The Warm Glowing Warming Glow
I guess first I have to address the new name of this column: Maximum Verbosity. Many thanks, and a copy of Galactic Civilizations, go to forum member One_of_47 for coming up with a name I wish I'd come up with myself. Apparently I spent all my creativity coming up with witty overworded soliloquies. What appealed to me about Maximum Verbosity is how it matches my personality. I like doing thing "˜to the max' as they say, like driving to the max, preparing meals to the max, looking both ways before I cross the street to the max, and, of course, writing these articles. To the max. So, I think this new column name might fit nicely, considering, also, that I seem to have a reputation of sorts for wordiness. I suppose it's my own fault. As President Bartlett said on The West Wing, "anyone who uses just one word when they could have used ten just isn't trying hard enough."Speaking inconspicuously of television shows"…
The past few months have seen me putting in a lot of time in front of the boob tube – which often takes on a literal meaning with Cinemax * rim shot *. Having an infant to take care of means a lot less playing these fancy interactive games that are all the rage. The infant often seems to require feeding, cleaning, and even attention. I sense from him that he's not really open to reason yet, and if he takes to crying about something, I can assure you he won't simply hold off until I finish one last mission. So, I've had a lot of time while attending to the variety of things my son demands, to watch television, and not surprisingly I have some thoughts on what I've seen.
The first thing I noticed is that I really don't have any interest in network television anymore. If it weren't for football, Jeopardy, and reruns of the Simpsons I'd never hit a local network feed. Not that the higher ups on the dial are that much better. I recall TLC was once an acronym for The Learning Channel. I'm not sure when that stopped being true, but it sure isn't anymore. Now, during the day, it's A Baby Story, A Wedding Story, A Dating Story, A Dentist Story, or A Transient Migrant Farmer Story. The evenings aren't much better with shows like Trading Spaces where I believe this week they are fixing up a homeless man's box with corrugated cardboard and some fabric they found in a puddle. Most of the rest of the dial is no better. If I ever want to be reminded of why I wanted to not live in the eighties anymore I need only to turn it to VH1. And if I ever want to watch a biography about Elizabeth Taylor's marriage counselor I can just turn it to A&E. When did stations become one trick ponies?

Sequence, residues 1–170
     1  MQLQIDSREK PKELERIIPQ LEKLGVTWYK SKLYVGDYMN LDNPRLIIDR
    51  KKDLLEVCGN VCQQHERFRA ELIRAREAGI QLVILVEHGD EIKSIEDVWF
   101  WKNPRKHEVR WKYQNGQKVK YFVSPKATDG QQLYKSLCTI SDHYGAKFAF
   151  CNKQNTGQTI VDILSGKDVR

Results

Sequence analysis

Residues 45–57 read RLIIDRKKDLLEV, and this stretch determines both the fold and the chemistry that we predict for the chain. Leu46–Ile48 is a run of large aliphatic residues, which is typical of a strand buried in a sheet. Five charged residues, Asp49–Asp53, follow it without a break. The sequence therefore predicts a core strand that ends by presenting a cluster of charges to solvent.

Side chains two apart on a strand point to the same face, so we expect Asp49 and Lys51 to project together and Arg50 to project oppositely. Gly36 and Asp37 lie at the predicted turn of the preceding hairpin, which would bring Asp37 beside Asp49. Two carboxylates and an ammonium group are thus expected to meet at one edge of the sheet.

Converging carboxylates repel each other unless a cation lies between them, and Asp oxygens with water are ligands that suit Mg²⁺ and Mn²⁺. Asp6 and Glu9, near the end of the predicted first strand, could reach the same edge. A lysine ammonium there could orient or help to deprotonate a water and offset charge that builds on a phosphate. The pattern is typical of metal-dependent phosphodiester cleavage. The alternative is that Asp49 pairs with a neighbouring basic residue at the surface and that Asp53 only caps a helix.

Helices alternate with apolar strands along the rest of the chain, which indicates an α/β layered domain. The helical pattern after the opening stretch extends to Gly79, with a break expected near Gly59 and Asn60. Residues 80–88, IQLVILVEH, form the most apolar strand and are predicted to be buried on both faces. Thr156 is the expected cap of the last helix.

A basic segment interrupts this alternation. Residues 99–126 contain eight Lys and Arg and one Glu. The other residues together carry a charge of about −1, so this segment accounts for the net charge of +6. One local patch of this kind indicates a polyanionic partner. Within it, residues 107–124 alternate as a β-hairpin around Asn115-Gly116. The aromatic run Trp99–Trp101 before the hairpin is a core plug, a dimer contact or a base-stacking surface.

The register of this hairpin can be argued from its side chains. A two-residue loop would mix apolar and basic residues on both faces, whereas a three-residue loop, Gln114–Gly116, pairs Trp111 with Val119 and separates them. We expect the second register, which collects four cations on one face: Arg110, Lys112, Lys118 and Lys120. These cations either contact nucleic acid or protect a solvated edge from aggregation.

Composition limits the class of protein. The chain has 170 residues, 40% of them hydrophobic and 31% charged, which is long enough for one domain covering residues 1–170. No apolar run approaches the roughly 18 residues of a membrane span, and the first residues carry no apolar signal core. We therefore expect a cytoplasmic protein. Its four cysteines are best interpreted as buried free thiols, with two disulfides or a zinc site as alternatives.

However there have been a few shows that have managed to occupy my time on cable. Perhaps the most surprising is Queer Eye for the Straight Guy. Speaking as a Straight Guy, this show is an unusually guilty pleasure. I couldn't say for certain what appeals to me, the humor, the good nature of the participants, the men's makeover tips that make me feel like an inadequate cro-magnon, some unchecked latent homosexuality "… it's hard to say. Part of it has to be the idea of these five gay wingmen appear like redefined fairy godmothers and paste a nice faÃƒÂ§ade on a bunch of losers who are certain, by the end, to get laid. There's something appealing and sexually confused about a show where homosexual men help heterosexual men to seem attractive to heterosexual women.
Also, Sci-Fi's recent Battlestar Gallactica miniseries proved better than I might have expected. Part of that has to be I'm not a slave to the original series, so if they'd turned Starbuck into Apollo's pet pug, then I might have been ok with that as long as it was a really likeable pug. So, when there were changes from the established cannon, I addressed them with barely a shrug and a soft sense of the ire caused across many an internet message board. I may have even tittered a bit. Still, I don't see what the fuss is about. The destruction of the colonies goes from being about as dramatic as an A-Ha video, to feeling a lot more like the end of an entire civilization. Baltar becomes a vaguely sympathetic soul as we understand the source of his treachery – a hot girl. Adama is reborn wonderfully in the skin of Edward James Olmos, and Apollo "… well, it's okay to hate what's become of Apollo. I can't help but think it's some vague jab at Richard Hatch, just in case his life didn't suck enough already.